With increasing frequency, postpartum women who have taken antidepressants during pregnancy have shared – usually in tears – that while in the hospital for their labor and delivery hospitalization, a health care provider at the hospital said something judgmental about their being on an antidepressant.  For example, one woman said that a nurse told her, “I can’t believe you took that during pregnancy.”  Or, “Don’t you know how risky that is?!”  Or “How could you do that to your baby?”  This is often in the context of women using other medications in parallel for non-psychiatric indications, of which less may be known about the reproductive safety profile, but not addressed by the health care provider.

This situation is disturbing for several reasons.  First, many women opt to stop or avoid antidepressants even when they might offer clinical benefit during pregnancy, and many women need medication to stay well.  One recommendation does not fit all.  In general, women do not use psychotropic medications during pregnancy without good reason.  They educate themselves, struggle with treatment options, and in many cases stop medication, relapse, and then restart it when they become ill.  Many seek consultation and several opinions about medication use in pregnancy.  

A judgmental comment from a healthcare provider seeing only a brief snapshot of the patient’s experience is unhelpful.  Also, giving birth to a child is an exhausting physical and emotional experience.  A woman is vulnerable and deserves support, not shaming.

There are several explanations for this type of encounter.  The topic of antidepressant medication use in pregnancy is complicated, and many professionals feel uncomfortable with the available literature.  For those only partly informed, reports of risks may be easier to remember than studies which do not demonstrate risk.  Also, sometimes information about risks is disseminated more broadly than reassuring information.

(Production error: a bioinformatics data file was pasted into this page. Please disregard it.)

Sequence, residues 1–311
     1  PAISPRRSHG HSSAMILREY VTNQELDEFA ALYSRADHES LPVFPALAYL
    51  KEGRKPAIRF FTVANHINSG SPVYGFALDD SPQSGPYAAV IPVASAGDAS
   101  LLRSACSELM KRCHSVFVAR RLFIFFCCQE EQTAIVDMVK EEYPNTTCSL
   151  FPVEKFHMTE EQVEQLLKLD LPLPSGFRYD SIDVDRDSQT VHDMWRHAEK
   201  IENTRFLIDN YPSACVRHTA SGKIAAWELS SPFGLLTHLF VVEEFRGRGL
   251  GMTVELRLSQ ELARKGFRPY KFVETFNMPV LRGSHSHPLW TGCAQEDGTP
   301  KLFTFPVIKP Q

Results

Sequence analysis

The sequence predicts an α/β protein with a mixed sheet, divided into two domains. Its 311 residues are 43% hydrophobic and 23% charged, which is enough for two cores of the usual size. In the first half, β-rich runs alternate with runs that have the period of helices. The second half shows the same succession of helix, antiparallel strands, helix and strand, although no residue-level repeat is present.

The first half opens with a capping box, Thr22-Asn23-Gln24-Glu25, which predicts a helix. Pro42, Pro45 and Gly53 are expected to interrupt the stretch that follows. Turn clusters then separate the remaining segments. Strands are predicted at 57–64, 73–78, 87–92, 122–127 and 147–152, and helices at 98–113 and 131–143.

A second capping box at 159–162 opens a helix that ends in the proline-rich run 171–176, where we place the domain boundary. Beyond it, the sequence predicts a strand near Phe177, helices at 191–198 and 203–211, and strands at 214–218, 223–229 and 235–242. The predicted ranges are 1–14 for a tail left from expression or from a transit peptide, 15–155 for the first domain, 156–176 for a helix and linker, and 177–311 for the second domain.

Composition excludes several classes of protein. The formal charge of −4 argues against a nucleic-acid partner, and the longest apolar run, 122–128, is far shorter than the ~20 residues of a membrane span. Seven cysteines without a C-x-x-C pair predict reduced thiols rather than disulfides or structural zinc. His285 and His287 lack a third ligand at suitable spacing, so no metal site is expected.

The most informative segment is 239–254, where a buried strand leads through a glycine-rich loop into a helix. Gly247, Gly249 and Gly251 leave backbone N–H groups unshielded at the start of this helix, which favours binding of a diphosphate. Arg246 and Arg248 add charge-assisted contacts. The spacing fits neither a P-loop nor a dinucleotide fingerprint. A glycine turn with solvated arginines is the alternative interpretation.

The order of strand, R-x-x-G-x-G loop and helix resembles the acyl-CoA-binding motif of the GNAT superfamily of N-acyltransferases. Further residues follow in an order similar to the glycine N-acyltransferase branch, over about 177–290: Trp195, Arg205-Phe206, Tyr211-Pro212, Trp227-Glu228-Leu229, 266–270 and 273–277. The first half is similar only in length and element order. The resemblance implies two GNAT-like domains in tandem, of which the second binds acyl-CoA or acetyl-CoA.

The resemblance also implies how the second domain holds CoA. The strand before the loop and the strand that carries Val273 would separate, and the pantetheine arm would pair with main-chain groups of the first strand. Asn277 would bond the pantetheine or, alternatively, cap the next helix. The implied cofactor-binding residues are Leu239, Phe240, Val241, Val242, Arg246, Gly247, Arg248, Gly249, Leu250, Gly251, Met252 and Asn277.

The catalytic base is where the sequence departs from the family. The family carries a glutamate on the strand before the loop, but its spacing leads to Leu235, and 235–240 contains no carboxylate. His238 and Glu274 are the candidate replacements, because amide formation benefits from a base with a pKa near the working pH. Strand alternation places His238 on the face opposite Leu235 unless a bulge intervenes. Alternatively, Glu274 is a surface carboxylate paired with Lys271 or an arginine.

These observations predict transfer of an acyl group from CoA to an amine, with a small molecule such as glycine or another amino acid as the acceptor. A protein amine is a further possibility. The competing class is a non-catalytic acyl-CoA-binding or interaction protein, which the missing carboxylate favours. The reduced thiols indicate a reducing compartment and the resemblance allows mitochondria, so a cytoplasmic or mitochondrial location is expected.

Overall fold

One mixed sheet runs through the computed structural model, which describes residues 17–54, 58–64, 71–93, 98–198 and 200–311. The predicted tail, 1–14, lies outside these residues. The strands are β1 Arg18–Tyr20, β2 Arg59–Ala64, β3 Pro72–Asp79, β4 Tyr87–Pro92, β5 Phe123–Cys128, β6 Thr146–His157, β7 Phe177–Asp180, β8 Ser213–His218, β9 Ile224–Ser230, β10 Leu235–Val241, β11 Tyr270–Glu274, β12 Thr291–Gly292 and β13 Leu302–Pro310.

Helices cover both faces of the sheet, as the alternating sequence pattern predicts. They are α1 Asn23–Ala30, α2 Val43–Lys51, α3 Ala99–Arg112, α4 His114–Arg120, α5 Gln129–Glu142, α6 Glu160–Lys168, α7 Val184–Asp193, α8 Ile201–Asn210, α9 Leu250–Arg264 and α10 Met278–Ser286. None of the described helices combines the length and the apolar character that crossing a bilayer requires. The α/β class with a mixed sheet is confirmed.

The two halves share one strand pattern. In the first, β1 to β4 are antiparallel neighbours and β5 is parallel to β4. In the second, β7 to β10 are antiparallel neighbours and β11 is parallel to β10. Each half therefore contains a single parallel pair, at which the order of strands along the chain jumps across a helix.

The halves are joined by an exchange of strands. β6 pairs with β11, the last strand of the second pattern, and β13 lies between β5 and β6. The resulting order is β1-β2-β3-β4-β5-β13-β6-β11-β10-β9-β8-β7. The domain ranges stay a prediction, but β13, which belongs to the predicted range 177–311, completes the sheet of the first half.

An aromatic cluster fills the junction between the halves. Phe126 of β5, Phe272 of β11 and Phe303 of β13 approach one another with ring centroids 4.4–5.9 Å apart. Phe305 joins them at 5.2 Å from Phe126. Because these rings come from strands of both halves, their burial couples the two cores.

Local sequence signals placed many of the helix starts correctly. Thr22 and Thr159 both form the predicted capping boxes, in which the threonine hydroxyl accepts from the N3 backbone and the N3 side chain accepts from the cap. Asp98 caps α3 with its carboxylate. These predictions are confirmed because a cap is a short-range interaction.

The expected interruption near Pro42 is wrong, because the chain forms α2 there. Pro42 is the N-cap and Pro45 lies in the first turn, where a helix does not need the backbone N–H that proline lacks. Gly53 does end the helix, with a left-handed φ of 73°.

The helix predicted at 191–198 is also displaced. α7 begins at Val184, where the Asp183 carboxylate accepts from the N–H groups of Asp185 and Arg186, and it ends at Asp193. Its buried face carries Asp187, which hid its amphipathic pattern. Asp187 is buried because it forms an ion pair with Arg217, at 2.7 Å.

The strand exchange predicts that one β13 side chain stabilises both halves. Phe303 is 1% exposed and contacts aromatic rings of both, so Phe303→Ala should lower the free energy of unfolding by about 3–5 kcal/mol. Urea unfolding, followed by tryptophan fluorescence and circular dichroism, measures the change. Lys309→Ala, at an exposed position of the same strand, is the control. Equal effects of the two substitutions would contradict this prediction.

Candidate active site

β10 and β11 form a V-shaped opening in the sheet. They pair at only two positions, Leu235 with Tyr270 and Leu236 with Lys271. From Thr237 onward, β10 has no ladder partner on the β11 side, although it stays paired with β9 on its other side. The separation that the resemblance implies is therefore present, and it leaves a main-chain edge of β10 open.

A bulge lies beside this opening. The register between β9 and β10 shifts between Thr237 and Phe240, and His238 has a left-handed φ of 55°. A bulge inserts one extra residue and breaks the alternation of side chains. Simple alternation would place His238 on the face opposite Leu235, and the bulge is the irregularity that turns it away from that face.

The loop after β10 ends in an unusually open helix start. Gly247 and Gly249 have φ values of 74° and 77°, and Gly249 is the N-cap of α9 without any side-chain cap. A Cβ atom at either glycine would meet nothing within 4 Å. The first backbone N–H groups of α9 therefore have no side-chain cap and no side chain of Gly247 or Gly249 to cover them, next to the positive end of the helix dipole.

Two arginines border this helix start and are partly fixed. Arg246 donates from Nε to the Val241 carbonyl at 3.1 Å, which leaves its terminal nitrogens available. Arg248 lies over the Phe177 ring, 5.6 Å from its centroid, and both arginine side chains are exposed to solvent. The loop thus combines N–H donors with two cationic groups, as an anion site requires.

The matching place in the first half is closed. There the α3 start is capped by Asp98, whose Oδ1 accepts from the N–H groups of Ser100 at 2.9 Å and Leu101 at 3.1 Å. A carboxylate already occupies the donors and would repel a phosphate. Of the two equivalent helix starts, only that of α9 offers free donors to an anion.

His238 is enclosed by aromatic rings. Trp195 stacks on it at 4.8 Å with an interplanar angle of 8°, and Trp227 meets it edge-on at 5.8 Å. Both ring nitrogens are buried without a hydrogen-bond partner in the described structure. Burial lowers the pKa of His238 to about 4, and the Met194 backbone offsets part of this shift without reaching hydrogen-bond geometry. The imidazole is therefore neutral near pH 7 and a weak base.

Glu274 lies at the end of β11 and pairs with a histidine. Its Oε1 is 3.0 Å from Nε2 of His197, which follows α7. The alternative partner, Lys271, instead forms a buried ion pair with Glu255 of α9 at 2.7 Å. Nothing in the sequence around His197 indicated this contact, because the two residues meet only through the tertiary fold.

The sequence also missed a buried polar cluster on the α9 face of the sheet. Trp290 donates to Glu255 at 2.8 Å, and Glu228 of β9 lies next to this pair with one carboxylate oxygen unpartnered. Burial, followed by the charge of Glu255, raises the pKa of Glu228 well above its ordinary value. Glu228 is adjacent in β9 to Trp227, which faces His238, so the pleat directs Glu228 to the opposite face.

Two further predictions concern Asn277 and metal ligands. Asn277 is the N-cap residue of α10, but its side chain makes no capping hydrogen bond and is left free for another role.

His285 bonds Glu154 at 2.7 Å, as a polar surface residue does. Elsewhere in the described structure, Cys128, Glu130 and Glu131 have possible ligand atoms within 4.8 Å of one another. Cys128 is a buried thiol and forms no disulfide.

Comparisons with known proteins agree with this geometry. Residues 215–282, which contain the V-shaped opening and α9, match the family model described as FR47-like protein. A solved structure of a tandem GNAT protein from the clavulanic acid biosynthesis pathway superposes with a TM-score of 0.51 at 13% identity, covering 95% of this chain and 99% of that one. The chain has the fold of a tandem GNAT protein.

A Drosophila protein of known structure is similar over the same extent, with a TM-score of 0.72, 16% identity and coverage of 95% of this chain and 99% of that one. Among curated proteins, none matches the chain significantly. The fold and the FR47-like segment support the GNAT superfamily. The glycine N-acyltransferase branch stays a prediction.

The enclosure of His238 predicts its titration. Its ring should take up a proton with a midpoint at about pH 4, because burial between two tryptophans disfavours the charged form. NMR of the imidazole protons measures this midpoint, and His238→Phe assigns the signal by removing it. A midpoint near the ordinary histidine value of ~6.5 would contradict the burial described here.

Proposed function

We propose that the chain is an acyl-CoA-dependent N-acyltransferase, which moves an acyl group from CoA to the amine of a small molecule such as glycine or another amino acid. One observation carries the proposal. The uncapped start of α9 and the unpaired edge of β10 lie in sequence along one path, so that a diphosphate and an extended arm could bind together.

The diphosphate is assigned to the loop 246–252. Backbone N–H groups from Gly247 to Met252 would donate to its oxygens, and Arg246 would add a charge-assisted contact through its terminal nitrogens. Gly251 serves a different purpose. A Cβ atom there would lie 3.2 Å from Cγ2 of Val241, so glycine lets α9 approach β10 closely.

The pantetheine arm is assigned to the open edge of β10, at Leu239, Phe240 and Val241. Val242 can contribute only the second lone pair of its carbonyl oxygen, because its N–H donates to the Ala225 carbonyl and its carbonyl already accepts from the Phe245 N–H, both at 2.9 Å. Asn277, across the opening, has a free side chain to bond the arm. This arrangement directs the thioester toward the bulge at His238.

Often the risk of the untreated disorder is left out of the risk/benefit equation of the evaluation of a medication (or underappreciated).  In addition, there are remaining prejudices against psychotropic medications, psychiatric disorders, and patients who have them.

Some advice for women who have made the choice to start or remain on psychotropic medications  during pregnancy:

1)      Remember you made thoughtful treatment choices tailored to your personal situation and family.

2)      Try and ignore comments from even well meaning individuals who do not have an appreciation for what you have been through.

3)      Surround yourself with supportive friends and family, and check in for visits regularly with heath care providers who know you well.

4)      Select an obstetrician who is supportive of your decision and is willing to address your questions and concerns.

5)      If it makes you anxious, do not over-search on the internet, and avoid sites that seem particularly inflammatory, unscientific, or unbalanced about psychiatric disorders.  The internet provides access to knowledge but also to information overload, and some of it is not accurate.

The above holds true regardless of what treatment you selected, continued, or discontinued during pregnancy.  Pregnant women make the best choices they can in their own personal situations.

Marlene Freeman, MD